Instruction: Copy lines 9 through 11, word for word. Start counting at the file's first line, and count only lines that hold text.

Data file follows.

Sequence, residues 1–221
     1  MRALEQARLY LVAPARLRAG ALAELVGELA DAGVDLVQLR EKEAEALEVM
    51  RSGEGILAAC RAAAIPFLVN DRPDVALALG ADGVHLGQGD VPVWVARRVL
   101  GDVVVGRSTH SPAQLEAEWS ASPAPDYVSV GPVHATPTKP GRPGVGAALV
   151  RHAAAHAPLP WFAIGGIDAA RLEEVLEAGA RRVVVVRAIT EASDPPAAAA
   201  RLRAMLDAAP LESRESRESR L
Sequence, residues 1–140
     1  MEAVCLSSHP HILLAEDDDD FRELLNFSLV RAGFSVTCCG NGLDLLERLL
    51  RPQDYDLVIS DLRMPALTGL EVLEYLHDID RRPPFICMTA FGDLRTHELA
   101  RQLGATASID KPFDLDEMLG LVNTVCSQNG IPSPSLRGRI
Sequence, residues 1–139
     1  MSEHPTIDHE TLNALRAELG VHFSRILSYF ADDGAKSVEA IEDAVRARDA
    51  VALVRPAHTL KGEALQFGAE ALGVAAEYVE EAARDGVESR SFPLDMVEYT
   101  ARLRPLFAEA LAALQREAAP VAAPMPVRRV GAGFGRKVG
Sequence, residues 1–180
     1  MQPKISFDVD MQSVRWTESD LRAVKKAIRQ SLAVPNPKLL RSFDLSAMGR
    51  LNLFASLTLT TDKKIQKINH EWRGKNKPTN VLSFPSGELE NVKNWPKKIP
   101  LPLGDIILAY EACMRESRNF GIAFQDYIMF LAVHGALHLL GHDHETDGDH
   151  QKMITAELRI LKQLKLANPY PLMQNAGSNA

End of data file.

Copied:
    51  RPQDYDLVIS DLRMPALTGL EVLEYLHDID RRPPFICMTA FGDLRTHELA
   101  RQLGATASID KPFDLDEMLG LVNTVCSQNG IPSPSLRGRI
Sequence, residues 1–139